Albanese discusses key AUKUS legislation with U.S. President Biden

Prime Minister Anthony Albanese has arrived in the U.S. to discuss a number of key touchpoints with President Joe Biden, the visit is set to stretch out over four days.

Prime Minister Anthony Albanese has arrived in the U.S. to discuss a number of key touchpoints with President Joe Biden, the visit is set to stretch out over four days.

In a video posted to the PM’s Twitter account, Albanese pointed to three key reasons for his U.S. visit, chief among them the AUKUS-related legislation which involves Australia’s acquisition of nuclear-powered submarines.

“The first pillar is our defence relationship. Making sure that the AUKUS arrangements are put in place and talking with Congress and the Senate about the legislation that’s required to turn this vision into a practical reality.”

In March, the British, Australian and US governments unveiled details of the AUKUS program, which will see Australia provided with nuclear-powered attack submarines from the early 2030s onwards to help counter China’s ambitions in the Indo-Pacific region.

Opening his four-day official visit to Washington, Mr Albanese spoke to reporters stating he had begun speaking to US legislators about passing the Pentagon’s budget bills, which contains a provision to sell Virginia-class submarines to Australia under the AUKUS pact.

“We are able to talk with legislators. And we’re very confident that those discussions have been very productive,” the PM said.

When asked whether Australia was prepared to increase that A$3 billion contribution to help convince Republicans to support the legislation, Mr Albanese stated Australia’s existing funding for AUKUS was “appropriate”.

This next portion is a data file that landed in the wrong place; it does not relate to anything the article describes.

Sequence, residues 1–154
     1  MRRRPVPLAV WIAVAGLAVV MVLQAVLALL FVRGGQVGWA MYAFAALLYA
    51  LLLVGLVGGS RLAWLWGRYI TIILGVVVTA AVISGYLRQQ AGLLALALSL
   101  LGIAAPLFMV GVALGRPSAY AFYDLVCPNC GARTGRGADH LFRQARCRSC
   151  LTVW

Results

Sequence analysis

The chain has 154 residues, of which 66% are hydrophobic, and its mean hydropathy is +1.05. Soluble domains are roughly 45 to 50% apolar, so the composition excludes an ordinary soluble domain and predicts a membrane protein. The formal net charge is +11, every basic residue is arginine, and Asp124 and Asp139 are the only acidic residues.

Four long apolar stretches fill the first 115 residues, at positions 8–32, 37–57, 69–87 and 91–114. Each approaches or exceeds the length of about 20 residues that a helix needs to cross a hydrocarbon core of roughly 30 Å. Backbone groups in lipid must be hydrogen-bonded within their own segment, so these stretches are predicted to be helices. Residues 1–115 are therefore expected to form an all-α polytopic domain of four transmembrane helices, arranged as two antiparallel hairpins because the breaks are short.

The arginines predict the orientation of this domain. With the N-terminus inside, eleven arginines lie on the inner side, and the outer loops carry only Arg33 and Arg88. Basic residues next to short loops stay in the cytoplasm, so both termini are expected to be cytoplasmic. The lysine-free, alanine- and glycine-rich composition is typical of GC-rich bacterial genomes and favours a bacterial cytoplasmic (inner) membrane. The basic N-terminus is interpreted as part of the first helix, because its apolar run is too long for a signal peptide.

The AUKUS submarine program is facing resistance, however, from some congressional Republicans and the US House of Represen­tatives is still unable to function because of divisions over the election of a new Speaker.

Republicans, who hold a slim majority in the 435-seat lower house, were scheduled to determine which of the nine potential candidates for speaker could seek a vote on the floor of the House on Monday night.

Congress has been without a Speaker since October 3rd, an unprecedented period that has left the US government unable to pass laws or amendments, including critical legislation to facilitate AUKUS.

While this complicates matters, Mr Albanese has stated he would lobby for the passage of the $US105bn military aid bill, which includes $3.4bn to bolster US submarine production to help promised sales to Australia.

The PM also plans to discuss elements of Australia’s free trade agreement with the U.S., climate change and critical minerals, including the US$3 trillion Inflation Reduction Act, an agreement which focuses heavily on clean energy investments and a reduction in emissions.

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